While we do admit that it is not yet ‘Uhuru’ for Nigeria and Nigerians, we must be reminded of the evil of aggressive revolution as the Civil War so evidences. Genuine efforts must be made to create change in a peaceful atmosphere with unhindered respects to free speech, movement and association.

We at the United Global Resolve For Peace (UGRFP) remain optimistic that the great potential of this nation will be achieved through concerted political will and the belief of the citizenry. We will continue to serve advisory roles to the nation and its people, while pursuing and encouraging peaceful means for the emancipation of the Nigerian people from all forms of hardship.

We wish the people of Nigeria & Nigeria a Happy Independence Day, and more prosperous years ahead.

Thank you.

Shalom Olaseni

Press Statement on the Suspension of Mr. Ibrahim Magu as Ag. Chairman, EFCC, & The Ad-hoc Appointment of Mr. Mohammed Umar as Chairman, EFCC.

The removal of Mr. Ibrahim Magu in his former capacity as Acting Chairman of the Economic & Financial Crimes Commission by Mr. President, Muhammadu Buhari, is one which is commendable as his position had become untenable and repulsive in the face of grave, though unproven, allegations of corruption and mismanagement of recovered public funds. The Office of Chairman, Economic & Financial Crimes Commission (EFCC hereonafter) is one which must be high above reproach and any semblance of moral turpitude, therefore making the suspension of Mr. Magu a necessary action to protect the agency’s troubled image and shore up waning public confidence in its statutory mandate.

The alleged underlying factors which led to Mr. Magu’s removal revolved around allegations of personal enrichment, subversion of the course of justice in particular cases prosecuted by the EFCC and insubordination to the oversight authority of the Ministry of Justice. This is strong albeit unproven allegations and lend weight to the argument that a system with weak institutions is a breeding ground for corruption.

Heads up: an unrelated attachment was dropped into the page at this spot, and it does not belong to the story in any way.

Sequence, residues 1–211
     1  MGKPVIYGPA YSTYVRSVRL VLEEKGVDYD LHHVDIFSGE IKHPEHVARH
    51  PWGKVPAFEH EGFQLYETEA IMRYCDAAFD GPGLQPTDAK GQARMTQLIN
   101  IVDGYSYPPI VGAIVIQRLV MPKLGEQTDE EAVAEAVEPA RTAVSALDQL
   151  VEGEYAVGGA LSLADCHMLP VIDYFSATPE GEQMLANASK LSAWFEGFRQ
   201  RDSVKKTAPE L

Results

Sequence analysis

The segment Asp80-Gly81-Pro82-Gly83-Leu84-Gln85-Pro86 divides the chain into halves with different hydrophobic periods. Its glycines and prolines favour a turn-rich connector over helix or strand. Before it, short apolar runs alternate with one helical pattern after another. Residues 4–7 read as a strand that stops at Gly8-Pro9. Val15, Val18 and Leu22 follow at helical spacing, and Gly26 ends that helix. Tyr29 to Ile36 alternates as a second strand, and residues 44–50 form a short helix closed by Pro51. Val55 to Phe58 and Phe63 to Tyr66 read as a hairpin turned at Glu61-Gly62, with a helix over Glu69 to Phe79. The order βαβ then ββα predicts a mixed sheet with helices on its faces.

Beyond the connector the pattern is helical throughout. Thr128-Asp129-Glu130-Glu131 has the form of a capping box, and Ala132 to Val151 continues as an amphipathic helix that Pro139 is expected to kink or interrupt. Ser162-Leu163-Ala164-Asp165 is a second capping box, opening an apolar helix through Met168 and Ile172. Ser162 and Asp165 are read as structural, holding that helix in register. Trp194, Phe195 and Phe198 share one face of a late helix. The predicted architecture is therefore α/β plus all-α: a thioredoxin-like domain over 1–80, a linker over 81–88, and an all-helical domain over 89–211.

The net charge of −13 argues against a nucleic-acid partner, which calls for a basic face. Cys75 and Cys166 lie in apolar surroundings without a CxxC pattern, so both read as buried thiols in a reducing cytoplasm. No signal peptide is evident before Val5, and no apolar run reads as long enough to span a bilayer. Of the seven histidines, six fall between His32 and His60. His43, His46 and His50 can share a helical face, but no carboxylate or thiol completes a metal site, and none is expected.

In the light of the swift events of the last 72 hours, from the indefinite suspension of Mr. Ibrahim Magu to the directive that Mr. Umar, Head of Operations at the EFCC, assumes office till a substantive Chairman is appointed for the Commission, the United Global Resolve for Peace (UGRFP) would like to emphasize and advance the following advisory & recommendations to the Commission and government to safeguard against occurrences of like nature in the future:


  1. Too often, Nigeria lets go of the gains in a reformative momentum by being side-tracked by political manipulations and permutations. It would be unsatisfactory if the Ibrahim Magu investigations being spearheaded by a Presidential Panel is abandoned or manipulated into outcomes that seek to provide soft landings for the accused where he is indeed found guilty.This necessitates the urgency for an independent forensic audit of Mr. Ibrahim Magu’s EFCC accounts and a probe into the corruption allegations against him by the Nigeria Police, the Independent Corrupt Practices Commission (ICPC) and the Economic & Financial Crimes Commission.

The National Assembly may likewise cause an inquiry into the currency of Mr. Ibrahim Magu’s tenure as EFCC Chairman through its Financial Propriety Committee in exercise of its oversight power of review of executive actions.This is to safeguard against an abuse of the entire process, and further ensure that a trial or arraignment, where the investigations so recommend, will be backed by substantial body of evidence. This would indeed send a significant message to intending abusers of their public offices that it is no longer business as usual, and that there are indeed no hiding places in the extant laws and procedural systems of Nigeria.

2. Before Mr. Mohamed Umar, the interim chairman of the Commission, is a difficult task. It is imperative that the circumstances of his appointment nonetheless, that his sense of duty and loyalty to the statutes of the position he now occupies dictates his every decision and actions going forward. As a matter of urgency, Mr. Umar must cause a non-prejudicial investigation into the allegations against his former boss and sustain the momentum against institutional corruption that has broken the pace of progress of Nigeria

3. It is commendable that the Ministry of Justice, through the Attorney General of the Federation & Justice Minister, Mr. Abubakar Malami, Esq, SAN, was an arrowhead in bringing to light the serious corruption infractions of the suspended former chairman of the EFCC. It is only a necessary outcome given the Ministry of Justice has the power of oversight over the Economic & Financial Crimes Commission, but one which takes grit and sense of propriety for consequential actions to be taken when obligatory.